As for the Chaplet of Divine Mercy, it is based on the mystical revelations Christ gave of Himself to Sr. Faustina (Helena) Kowalska, which she obediently recorded in her almost 700-page diary. Pope John Paul II had a deep love for this form of prayer, particulary since it emphasizes God’s mercy in an increasingly merciless modern world. Using a Rosary, you begin with the basic prayers (Credo, Our Father, Hail Mary, etc.), but then on the large beads, pray, ‘Eternal Father, I offer You the Body and Blood, Soul and Divinity of Your dearly beloved Son, our Lord, Jesus Christ.’ Then on the ten decade-beds pray, ‘For the sake of His sorrowful Passion, have mercy on us, and on the whole world.’ Finally, perhaps descending the three lowest Hail Mary beads, pray three times, ‘Holy God, Holy Mighty One, Holy Immortal One, have mercy on us and on the whole world.’ (Incidentally, the Chaplet is a great way to preserve Catholic identity without scandalizing many Protestants in an ecumenical setting... since it’s mostly ‘free’ of ‘all that Mary stuff’, donchaknow.)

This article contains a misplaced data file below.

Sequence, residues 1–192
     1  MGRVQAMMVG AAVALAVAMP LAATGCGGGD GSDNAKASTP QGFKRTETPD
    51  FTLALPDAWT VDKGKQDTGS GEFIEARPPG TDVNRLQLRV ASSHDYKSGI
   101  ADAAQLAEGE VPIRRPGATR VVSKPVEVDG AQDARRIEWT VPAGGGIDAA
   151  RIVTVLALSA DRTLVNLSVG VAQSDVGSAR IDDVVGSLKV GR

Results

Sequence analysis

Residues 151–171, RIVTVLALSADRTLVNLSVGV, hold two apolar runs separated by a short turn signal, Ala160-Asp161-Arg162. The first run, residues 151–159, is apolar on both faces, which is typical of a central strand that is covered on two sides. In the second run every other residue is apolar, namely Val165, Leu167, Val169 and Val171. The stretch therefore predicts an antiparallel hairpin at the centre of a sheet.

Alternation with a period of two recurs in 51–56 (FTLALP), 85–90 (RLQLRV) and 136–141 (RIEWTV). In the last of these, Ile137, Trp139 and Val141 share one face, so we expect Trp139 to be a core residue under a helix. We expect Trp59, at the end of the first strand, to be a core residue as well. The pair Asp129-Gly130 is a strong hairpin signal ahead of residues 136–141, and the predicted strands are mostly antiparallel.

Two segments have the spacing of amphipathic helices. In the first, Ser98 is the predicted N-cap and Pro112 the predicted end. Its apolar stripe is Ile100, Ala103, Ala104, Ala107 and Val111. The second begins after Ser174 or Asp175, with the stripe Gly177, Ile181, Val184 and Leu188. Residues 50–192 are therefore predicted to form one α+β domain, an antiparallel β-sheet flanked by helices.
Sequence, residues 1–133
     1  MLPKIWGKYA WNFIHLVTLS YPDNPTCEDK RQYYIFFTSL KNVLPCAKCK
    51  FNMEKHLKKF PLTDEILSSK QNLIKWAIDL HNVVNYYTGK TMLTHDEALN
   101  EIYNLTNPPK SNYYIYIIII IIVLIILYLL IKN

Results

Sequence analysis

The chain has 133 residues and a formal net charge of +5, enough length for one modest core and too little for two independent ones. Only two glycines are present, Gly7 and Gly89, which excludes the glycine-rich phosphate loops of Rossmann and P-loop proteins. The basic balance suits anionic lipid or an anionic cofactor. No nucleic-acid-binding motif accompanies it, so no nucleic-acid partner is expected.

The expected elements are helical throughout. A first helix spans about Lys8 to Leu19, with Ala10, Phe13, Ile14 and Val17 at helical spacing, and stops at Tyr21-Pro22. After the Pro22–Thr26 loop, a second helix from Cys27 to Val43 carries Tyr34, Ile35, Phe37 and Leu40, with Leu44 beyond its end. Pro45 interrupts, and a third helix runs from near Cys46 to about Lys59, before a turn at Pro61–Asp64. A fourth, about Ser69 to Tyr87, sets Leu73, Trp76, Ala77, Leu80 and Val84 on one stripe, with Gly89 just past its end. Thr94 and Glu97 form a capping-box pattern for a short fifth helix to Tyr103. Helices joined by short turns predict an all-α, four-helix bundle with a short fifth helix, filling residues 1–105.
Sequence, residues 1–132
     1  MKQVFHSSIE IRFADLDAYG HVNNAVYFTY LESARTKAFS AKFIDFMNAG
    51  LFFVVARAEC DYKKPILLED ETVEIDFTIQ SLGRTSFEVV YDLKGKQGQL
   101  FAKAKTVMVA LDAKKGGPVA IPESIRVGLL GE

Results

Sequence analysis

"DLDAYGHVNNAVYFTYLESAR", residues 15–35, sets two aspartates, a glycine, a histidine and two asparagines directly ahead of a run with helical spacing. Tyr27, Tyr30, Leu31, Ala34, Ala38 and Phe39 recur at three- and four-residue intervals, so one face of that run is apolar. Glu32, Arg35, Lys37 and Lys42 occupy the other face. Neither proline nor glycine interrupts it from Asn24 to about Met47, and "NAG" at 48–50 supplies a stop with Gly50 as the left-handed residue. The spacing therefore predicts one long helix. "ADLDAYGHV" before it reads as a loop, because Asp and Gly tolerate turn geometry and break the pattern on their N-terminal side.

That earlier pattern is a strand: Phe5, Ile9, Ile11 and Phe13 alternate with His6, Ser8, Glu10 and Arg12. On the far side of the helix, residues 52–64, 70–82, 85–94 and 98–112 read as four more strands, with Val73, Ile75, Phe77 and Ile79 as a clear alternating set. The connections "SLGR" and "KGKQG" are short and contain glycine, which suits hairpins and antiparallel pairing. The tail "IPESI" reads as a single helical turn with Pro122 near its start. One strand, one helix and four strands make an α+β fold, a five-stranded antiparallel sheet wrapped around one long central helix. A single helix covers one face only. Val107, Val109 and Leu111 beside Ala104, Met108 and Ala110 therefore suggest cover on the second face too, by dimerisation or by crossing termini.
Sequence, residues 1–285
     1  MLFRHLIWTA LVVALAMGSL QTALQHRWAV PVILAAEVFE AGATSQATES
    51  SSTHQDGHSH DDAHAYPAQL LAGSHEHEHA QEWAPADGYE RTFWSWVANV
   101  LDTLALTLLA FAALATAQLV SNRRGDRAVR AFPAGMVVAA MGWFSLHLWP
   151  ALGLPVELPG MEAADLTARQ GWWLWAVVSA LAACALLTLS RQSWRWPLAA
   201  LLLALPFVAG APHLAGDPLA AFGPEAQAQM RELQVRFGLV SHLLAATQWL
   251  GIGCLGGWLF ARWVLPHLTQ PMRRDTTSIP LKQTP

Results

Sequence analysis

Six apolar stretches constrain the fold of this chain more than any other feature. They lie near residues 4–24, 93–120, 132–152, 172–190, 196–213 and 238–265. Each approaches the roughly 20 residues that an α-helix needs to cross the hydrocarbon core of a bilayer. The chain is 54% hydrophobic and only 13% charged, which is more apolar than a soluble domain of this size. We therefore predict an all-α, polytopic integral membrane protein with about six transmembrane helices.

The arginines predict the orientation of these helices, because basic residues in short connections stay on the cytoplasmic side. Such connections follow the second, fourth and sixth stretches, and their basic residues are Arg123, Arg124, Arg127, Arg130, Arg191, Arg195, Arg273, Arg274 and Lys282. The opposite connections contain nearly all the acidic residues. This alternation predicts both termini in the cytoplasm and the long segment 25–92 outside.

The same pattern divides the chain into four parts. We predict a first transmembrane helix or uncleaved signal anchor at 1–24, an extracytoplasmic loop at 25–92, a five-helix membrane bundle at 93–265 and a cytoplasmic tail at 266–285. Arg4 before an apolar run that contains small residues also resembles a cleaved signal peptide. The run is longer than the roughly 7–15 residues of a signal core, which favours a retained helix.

Now, the Chaplet is wonderful enough on its own; neither it nor you nor God need me to ‘enhance’ or ‘endorse’ it. But, I’m willing to say cardiopnea can enhance it – or, at least, praying with my heart enhances me. By ‘heart’ I mean, of course, my spirit, my deepest and most potent self, which is the basic biblical sense of ‘kardia’. Cardiopnea entails synchronizing my breathing with the actions, or ‘pulse’, of my heart-spirit. For example, kneeling before a crucifix, as I pray, ‘For the sake of His sorrowful Passion’, I inhale – thus literally breathing in the Crucified One! As I say, ‘have mercy on us and on the whole world’, I exhale, thus passing His crucified love from myself to others.